Free court, free press important for EU investments in Turkey

Free court, free press important for EU investments in Turkey

Murat Yetkin
Free court, free press important for EU investments in Turkey “The immigration deal is very important for the European Union and relations with Turkey; actually it has the highest importance now,” said European Commissioner for Economic and Financial Affairs, Taxation and Customs Pierre Moscovici during an interview on April 25 in Istanbul. “We want to revitalize relations with Turkey in every field, including [the] economy. But for that structural reform, including fiscal policies, judicial reforms [and] freedom of press are highly important as well,” Moscovici continued. “Investments need stability, predictability and security, that is why we talk about reforms and that includes free courts and free press, as I mentioned to Turkish ministers I talked to this morning.”

Moscovici was in Istanbul to attend the High-Level EU-Turkey Economic Dialogue meetings hosted by Turkish Union of Chambers of Commerce (TOBB) chairman Rifat Hisarcıklıoğlu. There he met Deputy Prime Minister Mehmet Şimşek, Economy Minister Mustafa Elitaş and Trade and Customs Minister Bülent Tüfenkçi. Three other European commissioners were there in the meetings: Jyrki Katainen, in charge of growth and Investments; Johannes Hahn, in charge of enlargement; and Karmenu Vella, in charge of the environment and maritime affairs. A number of Ankara ambassadors to EU countries were present in the meetings as well. 

Moscovici is a European politician who is familiar with relations with Turkey. He was the French EU affairs minister in 1999 when Turkey was admitted as an official candidate for the EU. He is also a co-founder of Instut du Bosphor, a Turkish-French forum to promote Turkey-EU relations, before becoming the French finance minister.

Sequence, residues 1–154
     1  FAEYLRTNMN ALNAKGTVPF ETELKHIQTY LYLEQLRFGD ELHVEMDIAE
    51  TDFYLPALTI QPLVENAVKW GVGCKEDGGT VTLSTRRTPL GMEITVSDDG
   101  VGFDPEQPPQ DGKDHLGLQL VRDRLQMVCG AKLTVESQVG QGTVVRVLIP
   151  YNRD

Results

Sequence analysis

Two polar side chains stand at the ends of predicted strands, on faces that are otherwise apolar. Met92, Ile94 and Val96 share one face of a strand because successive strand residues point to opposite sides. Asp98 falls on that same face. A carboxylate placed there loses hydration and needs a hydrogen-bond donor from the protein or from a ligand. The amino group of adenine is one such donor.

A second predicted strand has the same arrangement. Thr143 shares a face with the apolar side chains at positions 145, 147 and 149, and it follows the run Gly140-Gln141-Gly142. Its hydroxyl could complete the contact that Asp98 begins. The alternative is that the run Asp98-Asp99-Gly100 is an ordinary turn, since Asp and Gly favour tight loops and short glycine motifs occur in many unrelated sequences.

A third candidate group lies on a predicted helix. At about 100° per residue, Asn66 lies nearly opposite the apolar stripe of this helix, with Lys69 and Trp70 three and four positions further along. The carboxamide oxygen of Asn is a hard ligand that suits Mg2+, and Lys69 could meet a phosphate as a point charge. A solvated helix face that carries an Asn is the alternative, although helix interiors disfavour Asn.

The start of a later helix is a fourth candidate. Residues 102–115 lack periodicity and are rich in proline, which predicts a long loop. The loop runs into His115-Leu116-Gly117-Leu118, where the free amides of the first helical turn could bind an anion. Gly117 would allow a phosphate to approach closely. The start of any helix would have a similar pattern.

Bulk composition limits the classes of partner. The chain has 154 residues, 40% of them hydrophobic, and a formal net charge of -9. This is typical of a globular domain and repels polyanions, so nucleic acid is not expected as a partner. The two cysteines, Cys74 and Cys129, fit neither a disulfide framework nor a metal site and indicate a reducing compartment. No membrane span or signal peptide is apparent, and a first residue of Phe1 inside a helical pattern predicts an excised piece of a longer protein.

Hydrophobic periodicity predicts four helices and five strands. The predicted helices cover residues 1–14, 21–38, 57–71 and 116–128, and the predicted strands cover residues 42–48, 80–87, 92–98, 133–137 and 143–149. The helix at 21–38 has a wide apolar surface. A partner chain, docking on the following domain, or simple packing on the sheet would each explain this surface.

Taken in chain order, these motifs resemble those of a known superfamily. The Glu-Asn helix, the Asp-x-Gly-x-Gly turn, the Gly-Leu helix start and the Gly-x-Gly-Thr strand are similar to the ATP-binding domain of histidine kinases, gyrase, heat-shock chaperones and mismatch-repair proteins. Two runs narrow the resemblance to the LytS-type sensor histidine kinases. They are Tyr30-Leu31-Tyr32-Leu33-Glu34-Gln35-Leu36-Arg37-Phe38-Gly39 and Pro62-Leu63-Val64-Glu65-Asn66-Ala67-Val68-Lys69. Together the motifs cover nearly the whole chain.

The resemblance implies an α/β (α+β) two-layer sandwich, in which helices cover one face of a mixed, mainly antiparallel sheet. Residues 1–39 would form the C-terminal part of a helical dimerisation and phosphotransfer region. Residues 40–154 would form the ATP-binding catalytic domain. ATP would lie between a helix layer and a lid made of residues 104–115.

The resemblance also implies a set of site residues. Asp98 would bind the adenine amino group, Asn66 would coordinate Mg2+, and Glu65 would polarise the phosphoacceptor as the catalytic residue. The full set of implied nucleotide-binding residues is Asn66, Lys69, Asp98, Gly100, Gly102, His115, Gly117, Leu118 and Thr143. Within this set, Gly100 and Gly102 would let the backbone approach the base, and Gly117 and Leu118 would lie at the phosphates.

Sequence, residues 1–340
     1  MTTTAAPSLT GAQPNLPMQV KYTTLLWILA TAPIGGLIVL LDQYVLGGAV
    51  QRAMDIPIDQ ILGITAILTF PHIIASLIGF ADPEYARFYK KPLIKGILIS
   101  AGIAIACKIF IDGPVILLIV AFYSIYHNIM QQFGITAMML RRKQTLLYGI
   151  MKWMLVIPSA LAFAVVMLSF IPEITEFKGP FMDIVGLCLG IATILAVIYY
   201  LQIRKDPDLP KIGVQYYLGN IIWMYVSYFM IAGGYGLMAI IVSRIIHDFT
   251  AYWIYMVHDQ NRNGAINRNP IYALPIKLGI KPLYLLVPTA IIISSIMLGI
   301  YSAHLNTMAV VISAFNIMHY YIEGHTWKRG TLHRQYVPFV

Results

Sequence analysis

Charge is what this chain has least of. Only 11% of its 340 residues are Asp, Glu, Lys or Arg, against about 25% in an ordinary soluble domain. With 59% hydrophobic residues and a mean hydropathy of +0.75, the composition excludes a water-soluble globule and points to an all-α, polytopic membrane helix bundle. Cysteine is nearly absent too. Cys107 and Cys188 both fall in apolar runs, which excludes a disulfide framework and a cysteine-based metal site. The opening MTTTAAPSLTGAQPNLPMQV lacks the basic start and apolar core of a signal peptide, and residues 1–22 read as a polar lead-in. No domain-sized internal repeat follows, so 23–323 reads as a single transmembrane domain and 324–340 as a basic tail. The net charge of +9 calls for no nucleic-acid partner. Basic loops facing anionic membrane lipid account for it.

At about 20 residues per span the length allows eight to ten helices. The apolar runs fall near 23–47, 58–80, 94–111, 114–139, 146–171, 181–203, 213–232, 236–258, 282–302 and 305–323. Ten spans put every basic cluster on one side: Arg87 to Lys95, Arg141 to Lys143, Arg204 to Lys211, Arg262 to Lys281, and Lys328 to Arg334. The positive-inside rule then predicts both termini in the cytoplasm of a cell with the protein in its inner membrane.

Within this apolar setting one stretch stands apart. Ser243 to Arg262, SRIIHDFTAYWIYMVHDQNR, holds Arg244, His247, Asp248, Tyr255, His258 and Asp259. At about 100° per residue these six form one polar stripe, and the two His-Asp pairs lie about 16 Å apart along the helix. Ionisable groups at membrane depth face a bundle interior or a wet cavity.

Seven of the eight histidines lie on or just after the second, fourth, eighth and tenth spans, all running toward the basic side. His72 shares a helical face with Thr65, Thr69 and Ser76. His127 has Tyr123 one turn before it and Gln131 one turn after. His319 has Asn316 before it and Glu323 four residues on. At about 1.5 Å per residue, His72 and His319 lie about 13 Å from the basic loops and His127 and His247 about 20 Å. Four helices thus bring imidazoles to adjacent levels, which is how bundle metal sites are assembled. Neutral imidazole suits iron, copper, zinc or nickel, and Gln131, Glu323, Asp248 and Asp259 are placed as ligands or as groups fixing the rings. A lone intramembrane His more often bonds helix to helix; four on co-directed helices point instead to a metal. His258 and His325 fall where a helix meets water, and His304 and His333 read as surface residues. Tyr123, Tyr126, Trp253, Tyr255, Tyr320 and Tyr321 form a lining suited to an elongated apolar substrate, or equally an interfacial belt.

“German Chancellor Angela Merkel, President of the European Council [Donald Tusk] and [the] deputy head of the European Commission, Frans Timmermans, were in Turkey over the weekend,” Moscovici underlined, “And our presence today also shows the importance we give to relations with Turkey. It is not only for [the] immigration crisis, not only for business, but for the values we share as well. We want this country to stay what it was since the foundation of [the] republic, as a secular democracy, no matter which party is in power, respecting its popularly elected leaders President Tayyip Erdoğan and Prime Minister Ahmet Davutoğlu,” Moscovici said.

About the much debated visa-free EU travel rights for Turkish citizens as a part of the Syrian immigration deal with the EU, Moscovici said the commission was decisive to suggest the case to the EU Council of Ministers if Turkey fulfilled the benchmarks by May 4. “It’s up to the council to decide what kind of a decision they are going to make,” he said, amid reported discontent from a number of EU members, including Moscovici’s home country of France.

Turkey’s desire not to be left out of the Transatlantic Trade and Investment Partnership (TTIP) has been another subject in the Turkey-EU dialogue meetings in Istanbul. Moscovici said they promised the Turkish side to bring up the subject to the commission once again, since Turkey is a member of the EU Customs Union. “Everybody must cool down,” he said. “The negotiations with the U.S. [have] not ended yet and after that there are several years to be concluded.”

Moscovici also said if the Greeks and Turks in Cyprus agreed on a reunification plan, which he said he was hopeful for, then surpassing the obstacles in five more chapters for membership negotiations, including chapters on Customs Unions, judicial reform and rights and freedoms in Turkey, would be possible.